re: Well what do you expect when everything is woke now?
Posted by: Chazwaza 02:23 pm EST 11/28/23
In reply to: Well what do you expect when everything is woke now? - Mmac72 09:03 am EST 11/28/23

I'm not sure that making Bobby in Company a woman qualifies as "woke".

And taking a thing that has been a hit before, or a cultural staple in some way, with a male character, and doing a new version with it now female is something people have been doing since long before "woke" was a thing (in its original intended meaning, or what it has come to mean). Many times I think these "now it's a woman!" remakes are unnecessary at best (but nothing is "unnecessary" if people enjoyed it and artists got paid and it didn't lose money) and at worst a cash-grab masquerading as opportunity that ends up diminishing women (in the sense that they're aren't creating something new and organic, but just taking something men had success with and doing it over)... but sometimes it's wonderful and illuminating. Clearly they intended that this Company would be that. For me it was not.

This is just one example, but any director/adapter who has sabotages the scene/song/play/arc of Bobby by making the Bobby/Amy "marry me" scene into a scene played between a woman and her gay male bestie, and has that motivate and lead into "Marry Me A Little" has a foundational misunderstanding how why that scene is there, why that song is there, and how they work. The is one of the most important sections of the play, and that scene being a seeming joke that becomes genuine (and has 2 people seemingly on the same funny page about relationships and each other end up with the rug pulled out from Bobby where he finds he's actually alone on it and Amy, for all the exasperation, does love and want to be with Paul) is very key to motivating and setting up the song Bobby sings here, the epic song that leads to ending act one and get Bobby half-way to him finally breaking down his shell and fear of vulnerability and connection with Being Alive... that is completely sabotaged in this Jamie/Bobbie version. Not only like undercut, but it just is not the same scene. And when I saw it Bobbie was directed to perform MMAL with a knowing wink, sarcasm and dismissal as if Woody Allen were doing it. I understand why on the surface one might think that's a valid way to take this, to have Bobbie performing a protective distance from the idea, but that is not what this song is or has to be in the play, it needs to be Bobby making a case for himself, having this idea just been rejected, having been vulnerable to Amy and told he was mistaken, a case for not needing to grow any more, for him not being the problem, for the problem not being internal with him, it is the reason the play continues and it beautiful sets up Being Alive and makes the song/lyric even more impactful because we can see Bobby buying this idea of a sort-of relationship as an option, where Being Alive shows him breaking that down.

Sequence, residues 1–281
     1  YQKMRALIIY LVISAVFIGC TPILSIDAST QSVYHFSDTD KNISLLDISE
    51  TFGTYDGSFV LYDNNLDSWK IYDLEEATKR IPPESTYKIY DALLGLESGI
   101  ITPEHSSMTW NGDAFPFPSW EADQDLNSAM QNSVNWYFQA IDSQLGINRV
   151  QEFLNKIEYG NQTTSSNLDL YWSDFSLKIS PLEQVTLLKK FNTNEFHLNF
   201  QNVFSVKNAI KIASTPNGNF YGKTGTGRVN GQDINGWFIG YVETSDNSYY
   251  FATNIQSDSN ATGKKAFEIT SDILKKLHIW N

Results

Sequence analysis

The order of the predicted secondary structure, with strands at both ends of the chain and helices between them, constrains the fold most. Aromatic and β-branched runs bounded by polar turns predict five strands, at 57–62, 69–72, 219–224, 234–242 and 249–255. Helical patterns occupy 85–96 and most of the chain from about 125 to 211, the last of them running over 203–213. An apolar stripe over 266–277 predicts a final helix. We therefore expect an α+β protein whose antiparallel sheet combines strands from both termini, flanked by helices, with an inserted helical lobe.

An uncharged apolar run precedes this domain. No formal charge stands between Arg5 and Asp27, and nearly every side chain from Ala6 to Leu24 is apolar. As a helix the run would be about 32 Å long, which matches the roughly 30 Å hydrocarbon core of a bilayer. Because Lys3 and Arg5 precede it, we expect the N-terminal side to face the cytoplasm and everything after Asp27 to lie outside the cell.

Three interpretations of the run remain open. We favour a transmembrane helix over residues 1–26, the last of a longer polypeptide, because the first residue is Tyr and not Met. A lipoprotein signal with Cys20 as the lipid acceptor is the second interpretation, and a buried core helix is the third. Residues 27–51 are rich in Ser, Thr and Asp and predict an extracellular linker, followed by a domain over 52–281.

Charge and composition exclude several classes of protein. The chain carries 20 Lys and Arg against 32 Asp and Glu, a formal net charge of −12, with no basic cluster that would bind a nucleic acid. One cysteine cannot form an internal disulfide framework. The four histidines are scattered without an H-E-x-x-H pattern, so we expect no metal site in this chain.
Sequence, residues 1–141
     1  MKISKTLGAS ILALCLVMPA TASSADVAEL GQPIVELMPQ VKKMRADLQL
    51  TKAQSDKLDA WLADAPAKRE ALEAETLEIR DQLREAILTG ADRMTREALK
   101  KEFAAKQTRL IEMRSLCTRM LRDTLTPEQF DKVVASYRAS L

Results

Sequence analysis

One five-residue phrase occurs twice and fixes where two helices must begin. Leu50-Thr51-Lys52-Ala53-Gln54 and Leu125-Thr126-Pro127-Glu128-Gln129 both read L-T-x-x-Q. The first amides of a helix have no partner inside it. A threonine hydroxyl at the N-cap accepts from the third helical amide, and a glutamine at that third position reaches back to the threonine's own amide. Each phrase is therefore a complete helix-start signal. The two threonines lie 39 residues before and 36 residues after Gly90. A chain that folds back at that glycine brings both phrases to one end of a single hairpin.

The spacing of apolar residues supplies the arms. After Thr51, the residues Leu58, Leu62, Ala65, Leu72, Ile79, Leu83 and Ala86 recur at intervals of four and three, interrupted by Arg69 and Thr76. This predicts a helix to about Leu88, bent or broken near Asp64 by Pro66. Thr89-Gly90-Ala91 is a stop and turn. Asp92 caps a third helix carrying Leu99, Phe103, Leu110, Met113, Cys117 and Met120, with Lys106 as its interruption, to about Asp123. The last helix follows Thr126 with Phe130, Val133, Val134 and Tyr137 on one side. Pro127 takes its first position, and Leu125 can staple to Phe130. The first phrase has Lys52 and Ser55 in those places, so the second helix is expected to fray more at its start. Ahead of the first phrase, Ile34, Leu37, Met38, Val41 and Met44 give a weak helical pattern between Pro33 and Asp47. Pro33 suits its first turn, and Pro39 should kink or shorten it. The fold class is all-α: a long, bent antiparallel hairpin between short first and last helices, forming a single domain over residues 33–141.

And yes I know the song was not in the original production... but it was written for it. I think it's in the fabric of how Bobby and the show live, and the show is better for it being said/sung. But even without the song, what was there always was the Amy/Bobby "marry me" scene. The same thing is achieved in the play, we just don't get a sung internal monologue expanding on it and setting up the final aria. But in a show about a character who does more observing than talking, who we largely only hear from in internal monologue song, it is, to me, crystal clear how much MMAL, as the middle of 3 internal monologues from our observer-protagonist, needs to be there and to be meaning and functioning as it used to. In this new context, it is coming off a scene that's rendered a comedy sketch, with no reality to it.

Sure it's all fun and funny when male Jamie is doing "Getting Married Today", on the surface that works great (and as a gay man I always love seen gays get to do stuff, especially like this)... until it turns into a woman begging her gay male friend (who she's never had any sliver of a romantic or sexual relationship with and never could) to marry her so everyone will leave them alone about being coupled... leading into a song where Bobby is meant to genuinely be making a case for the stilted half-vulnerable half-committed (half-way to "being alive") version of a relationship that a marriage with a *sexually and romantically compatible but not quite a connection for it* Amy would be.

I'm rambling. Maybe I'm wrong! Who knows! Maybe my attachment and passion for how it was written and worked beautiful for decades in countless productions is just me projecting what I wish was there, and Elliott just exposed it and turned it into something somehow better? I don't see it but who knows!
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